ClarkWP WordPress Basics Category.

Differences Between Pages and Posts on WordPress

What are the key differences between Pages and Posts on WordPress? Well, there are a few.

To start off, as our professor Lorelle says: “Pages are timeless, and Posts are timely.”

What this means is that a Page is content that will rarely change, where as a Post is a piece of content that is relevant at the time.

One feature of WordPress that serves to emphasize this fact is that the URL to a post includes the date of the post, i.e.:

…whereas the URL to a page does not include date information:

Examples of Pages include “About”, “Contact”, and “Policies”.

Pages on WordPress

These will be listed in a navigation bar somewhere on all of your pages (although, it is worth noting that any link or content can appear in the main navigation bar, through the use of customizable menus). Posts are whatever you feel like writing about at the moment. On any typical blog, there will only be a few Pages, but there might be hundreds of Posts (although technically there is no limitation to the amount of pages that a WordPress blog can feature, it is probably bad practice to include more than a handful of them).

Another difference is that Posts are listed in reverse chronological order, so that the most current information is always at the top of the blog (with the exception of sticky posts, which always stay at the top). Posts can also be sorted by Categories or Tags. They frequently also feature a comments section for conversation on the subject of the post.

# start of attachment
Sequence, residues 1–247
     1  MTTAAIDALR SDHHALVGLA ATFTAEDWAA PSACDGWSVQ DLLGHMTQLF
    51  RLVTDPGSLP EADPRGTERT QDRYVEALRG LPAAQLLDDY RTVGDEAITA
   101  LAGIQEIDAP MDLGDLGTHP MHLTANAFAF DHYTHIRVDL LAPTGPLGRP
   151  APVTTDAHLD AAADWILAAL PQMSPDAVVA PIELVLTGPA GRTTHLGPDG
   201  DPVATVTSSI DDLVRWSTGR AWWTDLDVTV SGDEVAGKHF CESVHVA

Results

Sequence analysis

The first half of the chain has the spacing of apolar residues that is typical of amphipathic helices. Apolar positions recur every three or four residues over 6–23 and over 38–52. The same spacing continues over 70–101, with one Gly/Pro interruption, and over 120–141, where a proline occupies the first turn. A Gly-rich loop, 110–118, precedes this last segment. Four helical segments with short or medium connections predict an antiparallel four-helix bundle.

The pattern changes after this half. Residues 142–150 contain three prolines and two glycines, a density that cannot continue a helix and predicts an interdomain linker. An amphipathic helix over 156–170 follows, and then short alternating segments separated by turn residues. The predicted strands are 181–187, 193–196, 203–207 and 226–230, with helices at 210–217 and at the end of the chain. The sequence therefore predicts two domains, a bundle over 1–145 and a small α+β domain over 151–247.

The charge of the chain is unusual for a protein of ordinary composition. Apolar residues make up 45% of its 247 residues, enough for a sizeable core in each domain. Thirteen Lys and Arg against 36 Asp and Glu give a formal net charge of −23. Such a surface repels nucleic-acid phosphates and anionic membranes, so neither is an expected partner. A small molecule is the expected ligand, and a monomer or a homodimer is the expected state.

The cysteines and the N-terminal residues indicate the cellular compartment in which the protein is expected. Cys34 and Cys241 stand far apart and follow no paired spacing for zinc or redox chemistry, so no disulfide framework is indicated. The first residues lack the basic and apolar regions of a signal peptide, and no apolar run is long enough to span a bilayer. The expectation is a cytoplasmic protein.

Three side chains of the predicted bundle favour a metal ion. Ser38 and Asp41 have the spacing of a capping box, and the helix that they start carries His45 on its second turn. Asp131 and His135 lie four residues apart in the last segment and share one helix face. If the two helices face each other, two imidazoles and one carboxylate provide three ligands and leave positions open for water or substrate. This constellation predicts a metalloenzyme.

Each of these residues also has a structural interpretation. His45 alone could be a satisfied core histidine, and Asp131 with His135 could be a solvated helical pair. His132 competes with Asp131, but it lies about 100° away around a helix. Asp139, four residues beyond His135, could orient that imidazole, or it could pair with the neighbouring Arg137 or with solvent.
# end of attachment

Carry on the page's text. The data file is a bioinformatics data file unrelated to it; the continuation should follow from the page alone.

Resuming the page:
Pages are static. They are not sorted by date, or in any other manner. They do not include Categories or Tags, and they usually do not allow comments.

There are many ways to navigate a WordPress site, and it is up to the administrator to design the menus and categories in a way that provide easy navigation. However, from what I have seen, it is common practice to place links to pages (or possibly post categories) in the main navigation menu, and to link to the remaining post categories and tags through sidebar widgets such as categories and tag clouds.

These are by no means hard and fast rules. Pages and posts can be arranged, linked to, and laid out in any way desired. However, if you want your site to be navigable, it can be very useful to follow these guidelines.

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14 thoughts on “Differences Between Pages and Posts on WordPress”

    1. Playing devil’s advocate Lorelle? Pages are static and should be mainly used for the main site layout: home, blog, about, contact, policies. Most other content on your page would usually be a post, unless it is particularly relevant to the theme of your site. Why don’t you tell me what content you are unsure about, and I will give you a suggestion? 🙂

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